CECIL LOVERS: Guess Who’s TRULY Responsible for Killing Zim’s Lions and Wildlife

For everyone who is sending death threats to Dr. Palmer for hunting Cecil the Lion, here is who you should be directing your hate towards.

by Nash Jenkins, TIME

It is no accident that one of the two men who accompanied the dentist on the safari, and who have now been arrested, was a farmer (the other was a professional hunter hired by Palmer as a guide). State wildlife officials claim that Honest Trymore Ndlovu helped lured the lion off the wildlife reserve and onto his property, Antoinette Farm, where the beast was killed.

Why would he do such a thing? Perhaps because he is a farmer in a country where agriculture is an industry of destitution. Zimbabwe was once celebrated as the “breadbasket of Africa,” whose fertile earth supplied the world with abundant tobacco, corn and wheat. Today, 76% of its rural population lives in abject poverty, dependent on foreign food aid and desperate measures — like the poaching of the wildlife that inhabits its otherwise barren lands, or rendering assistance to those who want to hunt or poach.

In 2000, Zimbabwe President Robert Mugabe enacted a disastrous land-reform policy. Farms were divided up and nationalized and many plots were handed out to generals and ministers. Thousands of white landowners were violently evicted from their farms, which were then parceled into smallholdings and given to black Zimbabweans. The destruction of property rights led to a disintegrating economy and widespread poverty. Poaching — to feed the insatiable demand for rhino horn and ivory in China and other parts of Asia — became rife and much of the wildlife in Zimbabwe was simply wiped out.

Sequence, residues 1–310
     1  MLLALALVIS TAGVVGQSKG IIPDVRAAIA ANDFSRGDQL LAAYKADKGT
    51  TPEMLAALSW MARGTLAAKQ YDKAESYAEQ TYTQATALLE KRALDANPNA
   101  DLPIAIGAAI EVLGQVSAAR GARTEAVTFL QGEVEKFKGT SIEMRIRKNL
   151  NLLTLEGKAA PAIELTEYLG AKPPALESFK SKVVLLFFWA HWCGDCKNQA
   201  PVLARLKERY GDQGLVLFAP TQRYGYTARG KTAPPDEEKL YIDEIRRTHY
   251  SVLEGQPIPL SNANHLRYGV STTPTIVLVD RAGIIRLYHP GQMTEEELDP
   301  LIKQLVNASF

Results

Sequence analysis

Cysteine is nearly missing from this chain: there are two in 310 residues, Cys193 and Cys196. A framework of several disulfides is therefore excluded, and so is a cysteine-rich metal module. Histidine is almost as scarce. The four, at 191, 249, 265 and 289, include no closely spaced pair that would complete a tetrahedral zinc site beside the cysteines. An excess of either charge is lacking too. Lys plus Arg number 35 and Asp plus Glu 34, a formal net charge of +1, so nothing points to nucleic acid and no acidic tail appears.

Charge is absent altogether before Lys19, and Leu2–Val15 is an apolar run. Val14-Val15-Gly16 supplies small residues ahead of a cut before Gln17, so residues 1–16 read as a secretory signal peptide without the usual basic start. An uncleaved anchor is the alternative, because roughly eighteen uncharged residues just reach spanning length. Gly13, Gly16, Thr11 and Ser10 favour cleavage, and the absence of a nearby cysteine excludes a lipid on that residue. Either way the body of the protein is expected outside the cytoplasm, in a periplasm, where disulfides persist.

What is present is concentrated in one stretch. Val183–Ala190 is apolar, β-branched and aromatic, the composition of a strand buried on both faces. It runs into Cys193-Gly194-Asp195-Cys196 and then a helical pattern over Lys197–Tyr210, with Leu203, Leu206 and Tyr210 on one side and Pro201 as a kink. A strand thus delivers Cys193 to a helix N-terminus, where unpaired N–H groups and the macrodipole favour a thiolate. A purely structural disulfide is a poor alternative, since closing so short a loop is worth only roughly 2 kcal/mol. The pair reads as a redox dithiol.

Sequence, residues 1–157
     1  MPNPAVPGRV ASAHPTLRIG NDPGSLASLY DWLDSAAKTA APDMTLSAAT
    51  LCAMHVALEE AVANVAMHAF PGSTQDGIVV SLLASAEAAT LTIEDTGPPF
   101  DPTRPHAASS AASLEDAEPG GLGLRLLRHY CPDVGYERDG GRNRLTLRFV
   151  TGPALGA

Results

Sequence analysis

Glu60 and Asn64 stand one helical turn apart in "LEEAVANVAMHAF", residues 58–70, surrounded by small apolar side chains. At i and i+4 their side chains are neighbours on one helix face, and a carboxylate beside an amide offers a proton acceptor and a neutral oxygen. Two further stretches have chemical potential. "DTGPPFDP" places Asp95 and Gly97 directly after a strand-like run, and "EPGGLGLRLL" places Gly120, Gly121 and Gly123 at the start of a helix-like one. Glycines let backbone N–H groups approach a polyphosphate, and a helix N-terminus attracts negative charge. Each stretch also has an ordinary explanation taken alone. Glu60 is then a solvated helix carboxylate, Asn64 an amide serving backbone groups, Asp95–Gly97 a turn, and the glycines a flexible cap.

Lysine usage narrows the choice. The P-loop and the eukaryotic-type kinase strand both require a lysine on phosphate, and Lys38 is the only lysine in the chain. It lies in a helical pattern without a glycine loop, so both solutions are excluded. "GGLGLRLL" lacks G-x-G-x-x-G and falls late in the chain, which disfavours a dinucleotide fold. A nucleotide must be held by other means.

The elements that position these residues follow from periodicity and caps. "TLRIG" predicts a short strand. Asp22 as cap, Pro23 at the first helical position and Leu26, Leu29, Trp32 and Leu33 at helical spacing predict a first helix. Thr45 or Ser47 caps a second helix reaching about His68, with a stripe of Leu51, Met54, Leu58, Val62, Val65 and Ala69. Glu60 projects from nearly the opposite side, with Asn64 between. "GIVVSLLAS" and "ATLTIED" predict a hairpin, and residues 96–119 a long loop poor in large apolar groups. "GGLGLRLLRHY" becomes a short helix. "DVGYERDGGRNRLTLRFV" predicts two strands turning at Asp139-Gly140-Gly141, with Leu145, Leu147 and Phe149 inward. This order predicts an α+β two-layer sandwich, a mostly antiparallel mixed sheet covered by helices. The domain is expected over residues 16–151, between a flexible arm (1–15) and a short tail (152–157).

Until 2000 Zimbabwe had a successful wildlife-management program, with many big-game animals flourishing. But by 2003, a staggering 80% of the animals that had lived on Zimbabwean safari camps (which employed firm quotas to regulate animal population sizes) had died. By 2007, there were only 14 private game farms in the country, compared with 620 prior to the land seizures of 2000, according to a National Geographic report. With the protection of private game reserves nearly nonexistent, once abundant wildlife began dying off, hunted by desperate farmers with no other options for sustenance.

Despite the passing of harsher laws for poachers in 2011 illegal hunting in Zimbabwe is still big business. Poaching syndicates earn hundreds of thousands of dollars exporting ivory and animal skins. Many conservationists believe allowing the community to reap the benefits of wildlife management — by, ironically, running the sorts of safaris on which Palmer shot his lion — will help curb illegal poaching. But it is impossible to have that debate while the world brays for the ruin of a lone Minnesotan dentist, and fails to criticize a regime whose policies were responsible for the almost complete extinction of Zimbabwean wildlife in the first place.

Read more: TIME

SEE ALSO: PIERS MORGAN: Says He Wants To Hunt & Kill Controversial Lion Hunter

JIMMY KIMMEL: Cries About Dead Lion But Not About Aborted Baby Parts Being Sold

SAVE LIONS & KILL BABIES: The Moral Dilemma of a Dead Lion

CECIL THE LION: Here’s Some Particulars You Won’t Hear On TV

MAYBE IF WE CALLED UNBORN BABIES ‘CECIL THE LION’: Then Liberals Would Care About Them

 

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Get Doug Giles’ new book, Rise, Kill and Eat: A Theology of Hunting from Genesis to Revelation today!

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